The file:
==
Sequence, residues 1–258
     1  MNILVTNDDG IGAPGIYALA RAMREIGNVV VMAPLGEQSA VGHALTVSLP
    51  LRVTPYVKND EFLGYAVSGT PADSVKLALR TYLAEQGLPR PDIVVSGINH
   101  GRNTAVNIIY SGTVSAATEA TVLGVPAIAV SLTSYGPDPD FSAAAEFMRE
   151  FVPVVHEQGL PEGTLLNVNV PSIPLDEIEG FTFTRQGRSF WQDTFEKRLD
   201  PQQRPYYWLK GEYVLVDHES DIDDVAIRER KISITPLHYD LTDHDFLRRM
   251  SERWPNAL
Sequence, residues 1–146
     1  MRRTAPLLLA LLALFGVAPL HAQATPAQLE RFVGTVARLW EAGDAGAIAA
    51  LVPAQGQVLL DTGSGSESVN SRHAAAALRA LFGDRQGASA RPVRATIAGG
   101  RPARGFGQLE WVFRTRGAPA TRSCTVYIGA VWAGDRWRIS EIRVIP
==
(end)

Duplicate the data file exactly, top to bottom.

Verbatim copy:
Sequence, residues 1–258
     1  MNILVTNDDG IGAPGIYALA RAMREIGNVV VMAPLGEQSA VGHALTVSLP
    51  LRVTPYVKND EFLGYAVSGT PADSVKLALR TYLAEQGLPR PDIVVSGINH
   101  GRNTAVNIIY SGTVSAATEA TVLGVPAIAV SLTSYGPDPD FSAAAEFMRE
   151  FVPVVHEQGL PEGTLLNVNV PSIPLDEIEG FTFTRQGRSF WQDTFEKRLD
   201  PQQRPYYWLK GEYVLVDHES DIDDVAIRER KISITPLHYD LTDHDFLRRM
   251  SERWPNAL
Sequence, residues 1–146
     1  MRRTAPLLLA LLALFGVAPL HAQATPAQLE RFVGTVARLW EAGDAGAIAA
    51  LVPAQGQVLL DTGSGSESVN SRHAAAALRA LFGDRQGASA RPVRATIAGG
   101  RPARGFGQLE WVFRTRGAPA TRSCTVYIGA VWAGDRWRIS EIRVIP